Date: Monday, November 9, 2015
Session Type: ACR Poster Session B
Session Time: 9:00AM-11:00AM
Background/Purpose: Thrombotic events (TE) are common in patients with SLE. Antiphospholipid antibodies (aPL) are a risk factor for incident and recurrent TE; therefore these patients receive long term anticoagulation for secondary prophylaxis. SLE patients with negative aPL antibodies are also at increased risk of TE; however, the recurrence rate, type of TE, factors associated, and the optimal duration of anticoagulation is unknown. In the general population, the recurrence-rate of thrombosis at 5 years is 12.4%. The objective of this study is to determine the recurrence-rate of TE, type, and risk-factors associated in SLE patients negative for aPL antibodies according to the Sapporo Criteria.
Methods: The study was conducted within a prospective cohort. We identified patients with negative aPL (aCL and LA), who developed incident arterial (ATE) or venous thrombosis (VTE) during follow-up in the cohort, after 1990 when the aPL antibodies tests became widely available, and enrolled into the cohort within 5 years of SLE diagnosis. The demographic (age, ethnicity), clinical (disease duration, ACR criteria, SLE manifestations), autoantibodies (anti-dsDNA, anti-ENA, C3, C4), disease activity (SLEDAI-2K), disease damage (SDI) and treatment (prednisone, immunosuppressants, antimalarials, low-dose aspirin), type of TE (ATE, VTE), and traditional TE risk-factors (smoking, cholesterol levels, hypertension) were assessed. Main outcomes were the recurrence rate of TE, type, and variables associated.
Results: Forty SLE patients with negative aPL antibodies and incident TE were identified; they developed 14 ATE, and 29 VTE (3 patients had both ATE and VTE). Nine (22.5%) patients developed a second TE during 207.31 patient-years (py) of follow-up; recurrence-rate 4.3 TE per 100 py. The first event in seven patients was VTE, one ATE, and one both VTE/ATE. Eight recurrent events were VTE, and only one ATE; the concordance of vascular bed involved between both TE was total. Most (78%) recurrent events developed within 15 months after the first TE. Although non-statistically significant, patients with recurrent TE were female (100% vs. 81%), had younger age (25.8 ± 9.9 vs. 34.2 ± 14.9 yrs.), were predominantly of African ancestry (50% vs 16%), and had shorter SLE duration at first TE (1.7 ± 1.5 vs. 4.8 ± 4.9 years) in comparison to patients with no recurrence. No differences in other clinical manifestations, activity, damage or treatment were observed. The prevalence of traditional thrombotic risk-factors was also similar between groups.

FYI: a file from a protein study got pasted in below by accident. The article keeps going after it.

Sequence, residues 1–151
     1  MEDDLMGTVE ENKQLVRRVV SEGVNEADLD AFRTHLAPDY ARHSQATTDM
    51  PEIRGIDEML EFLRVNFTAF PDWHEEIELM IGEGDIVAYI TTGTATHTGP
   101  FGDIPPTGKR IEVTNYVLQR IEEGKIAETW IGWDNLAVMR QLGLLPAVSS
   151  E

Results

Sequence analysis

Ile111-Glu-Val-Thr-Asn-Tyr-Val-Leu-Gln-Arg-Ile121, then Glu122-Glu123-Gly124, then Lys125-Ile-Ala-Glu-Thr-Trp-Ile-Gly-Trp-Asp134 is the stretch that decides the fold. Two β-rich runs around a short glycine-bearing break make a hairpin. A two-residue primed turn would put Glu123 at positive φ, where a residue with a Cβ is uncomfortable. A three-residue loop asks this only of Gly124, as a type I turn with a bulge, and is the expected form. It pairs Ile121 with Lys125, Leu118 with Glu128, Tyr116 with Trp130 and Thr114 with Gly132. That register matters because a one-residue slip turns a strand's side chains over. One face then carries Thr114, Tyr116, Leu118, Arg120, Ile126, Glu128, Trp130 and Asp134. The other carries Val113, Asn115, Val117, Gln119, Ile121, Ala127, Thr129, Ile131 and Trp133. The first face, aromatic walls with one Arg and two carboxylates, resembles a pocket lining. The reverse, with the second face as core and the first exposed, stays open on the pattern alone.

Conclusion: The recurrence-rate of TE is elevated among SLE patients with negative aPL antibodies, particularly VTE. Most recurrent TE happened within 15 months from the first TE and were seen in young female patients, with short disease duration and predominantly in those with African ancestry. If these results are confirmed in larger studies, they should be useful to better stratify recurrence risk and define the length of anticoagulation in this SLE subpopulation.
To cite this abstract in AMA style:Attar M, Su J, Morrison SE, Alharbi S, Al-Ghanim K, Gladman D, Urowitz M, Sánchez-Guerrero J. Recurrence-Rate of Thrombotic Events in SLE Patients Negative for Antiphospholipid Antibodies [abstract]. Arthritis Rheumatol. 2015; 67 (suppl 10). https://acrabstracts.org/abstract/recurrence-rate-of-thrombotic-events-in-sle-patients-negative-for-antiphospholipid-antibodies/. Accessed February 28, 2021.
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